• Respectful ways to improve communication as with pictures, technology, and community education.

More Ways to Learn:

Read the written transcript.

Teach-back (HLOL #129)

Dean's photoDean Schillinger MD is a practicing primary care physician and Professor of Medicine in Residence at the University of California San Francisco and Chief of the UCSF Division of General Internal Medicine at San Francisco General Hospital. He also directs UCSF’s research program about health communication with vulnerable populations. Dr. Schillinger has authored over 200 publications about this work. Dr. Schillinger recently co-founded a novel public health literacy campaign called “The Bigger Picture,” harnessing the voices of young people to help change the social and environmental conditions leading to the epidemic of diabetes in minority youth.

In this podcast, Dr. Schillinger talks with Helen Osborne about:

  • Teach-back, a technique to arrive at shared meaning.
  • What to do (and not do) before, during, and after teach-back.
  • How teach-back can be freeing, not restrictive, for your practice.

More Ways to Learn:

Read the written transcript.

Research About Using the Milliliter as a Standard Unit for Liquid Medication (HLOL #126)

Yin_Dreyer_IMG_4472Benard Dreyer, MD, is Professor of Pediatrics, Director of the Division of Developmental-Behavioral Pediatrics, Director of Pediatrics at Bellevue Hospital, and a pediatric hospitalist at NYU Langone Medical Center. He co-chaired the American Academy of Pediatrics “Project Advisory Committee on Health Literacy,” co-edited the book Plain Language Pediatrics, and serves on the Institute of Medicine’s Health Literacy Roundtable.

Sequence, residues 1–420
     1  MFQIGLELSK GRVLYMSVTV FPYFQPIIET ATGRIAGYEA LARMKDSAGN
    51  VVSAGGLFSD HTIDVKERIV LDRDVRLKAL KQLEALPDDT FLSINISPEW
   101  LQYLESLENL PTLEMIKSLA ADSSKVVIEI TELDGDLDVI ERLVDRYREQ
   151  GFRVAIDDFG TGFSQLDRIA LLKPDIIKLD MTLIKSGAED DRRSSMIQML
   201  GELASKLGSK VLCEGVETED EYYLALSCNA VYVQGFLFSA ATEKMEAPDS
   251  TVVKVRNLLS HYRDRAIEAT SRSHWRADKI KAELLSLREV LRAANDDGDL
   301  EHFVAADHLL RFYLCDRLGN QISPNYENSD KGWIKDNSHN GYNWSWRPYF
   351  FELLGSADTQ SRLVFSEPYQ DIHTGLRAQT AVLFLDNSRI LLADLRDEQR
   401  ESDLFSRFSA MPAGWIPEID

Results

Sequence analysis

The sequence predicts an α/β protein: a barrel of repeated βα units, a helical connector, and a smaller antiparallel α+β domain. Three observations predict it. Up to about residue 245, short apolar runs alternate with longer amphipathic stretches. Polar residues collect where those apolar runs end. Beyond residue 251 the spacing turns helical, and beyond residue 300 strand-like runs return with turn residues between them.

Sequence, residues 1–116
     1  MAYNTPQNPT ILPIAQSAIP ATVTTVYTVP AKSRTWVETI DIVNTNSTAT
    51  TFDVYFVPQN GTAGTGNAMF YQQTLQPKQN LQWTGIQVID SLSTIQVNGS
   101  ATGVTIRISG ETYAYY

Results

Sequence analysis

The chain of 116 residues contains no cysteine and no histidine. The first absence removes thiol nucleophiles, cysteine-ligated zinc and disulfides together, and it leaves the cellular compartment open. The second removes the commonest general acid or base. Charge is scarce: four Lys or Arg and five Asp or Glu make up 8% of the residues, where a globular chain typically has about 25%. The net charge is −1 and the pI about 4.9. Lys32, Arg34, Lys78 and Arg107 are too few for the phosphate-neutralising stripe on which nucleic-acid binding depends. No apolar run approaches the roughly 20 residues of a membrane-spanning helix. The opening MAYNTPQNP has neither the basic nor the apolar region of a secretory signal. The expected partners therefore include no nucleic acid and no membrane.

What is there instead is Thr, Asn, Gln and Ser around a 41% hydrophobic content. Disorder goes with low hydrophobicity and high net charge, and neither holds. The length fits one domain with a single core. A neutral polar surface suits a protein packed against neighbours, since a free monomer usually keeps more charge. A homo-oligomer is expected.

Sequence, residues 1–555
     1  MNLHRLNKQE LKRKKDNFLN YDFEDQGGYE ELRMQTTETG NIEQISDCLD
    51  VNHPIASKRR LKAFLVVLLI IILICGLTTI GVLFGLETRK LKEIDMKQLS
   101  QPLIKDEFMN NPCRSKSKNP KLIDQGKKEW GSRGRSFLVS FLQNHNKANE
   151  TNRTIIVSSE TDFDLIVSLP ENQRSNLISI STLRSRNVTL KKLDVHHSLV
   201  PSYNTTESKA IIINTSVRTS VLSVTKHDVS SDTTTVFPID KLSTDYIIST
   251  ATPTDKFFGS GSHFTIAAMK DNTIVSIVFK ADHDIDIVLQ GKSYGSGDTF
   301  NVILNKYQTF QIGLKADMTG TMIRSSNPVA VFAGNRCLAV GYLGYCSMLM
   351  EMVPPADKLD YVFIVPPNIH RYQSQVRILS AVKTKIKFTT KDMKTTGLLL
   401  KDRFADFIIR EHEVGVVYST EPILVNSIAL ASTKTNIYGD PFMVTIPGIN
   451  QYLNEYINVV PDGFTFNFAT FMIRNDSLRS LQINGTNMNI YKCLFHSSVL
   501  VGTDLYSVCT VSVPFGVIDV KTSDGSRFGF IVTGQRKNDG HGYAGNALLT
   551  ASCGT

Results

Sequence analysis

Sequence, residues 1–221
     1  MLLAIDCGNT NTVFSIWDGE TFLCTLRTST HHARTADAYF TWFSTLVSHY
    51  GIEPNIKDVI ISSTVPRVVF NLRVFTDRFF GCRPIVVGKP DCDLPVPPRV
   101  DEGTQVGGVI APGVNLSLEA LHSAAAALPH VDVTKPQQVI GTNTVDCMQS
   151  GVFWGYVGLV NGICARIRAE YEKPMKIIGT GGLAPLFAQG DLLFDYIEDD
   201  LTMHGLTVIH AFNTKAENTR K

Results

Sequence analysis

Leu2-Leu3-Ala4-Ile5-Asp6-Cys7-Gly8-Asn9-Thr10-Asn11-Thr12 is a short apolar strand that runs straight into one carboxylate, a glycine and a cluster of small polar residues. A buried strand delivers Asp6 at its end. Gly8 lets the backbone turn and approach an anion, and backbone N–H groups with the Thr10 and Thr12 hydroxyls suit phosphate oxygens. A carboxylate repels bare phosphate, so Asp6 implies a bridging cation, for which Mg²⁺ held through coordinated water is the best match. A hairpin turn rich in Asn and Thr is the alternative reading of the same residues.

Shonna Yin, MD, MSc, is a general pediatrician and Assistant Professor of Pediatrics and Population Health at the NYU School of Medicine, Bellevue Hospital Center. She is an NIH-funded researcher focused on the development and evaluation of low literacy strategies to improve parent understanding of health information, including medication instructions.

In this podcast, Dr. Dreyer and Dr. Yin talk with Helen Osborne about:

  • Common dosing errors parents make with liquid medication
  • Research about using the milliliter as a standard dosing unit
  • Ways professionals and parents can help improve medication safety

More Ways to Learn:

Read the written transcript.

Health Literacy Screening Tools (HLOL #124)

IMG_2662Barry D Weiss, MD is a tenured professor in the Department of Family and Community Medicine at the University of Arizona College of Medicine. He also is an affiliate professor of public health in the College of Health Sciences at the University of Alaska Anchorage. Dr. Weiss has been involved in health literacy and patient-physician communication for much of his professional career. Among his many accomplishments, he has written more than 150 journal articles, authored several books, advised numerous committees and organizations about health literacy, and developed the health literacy screening tool, the Newest Vital Sign.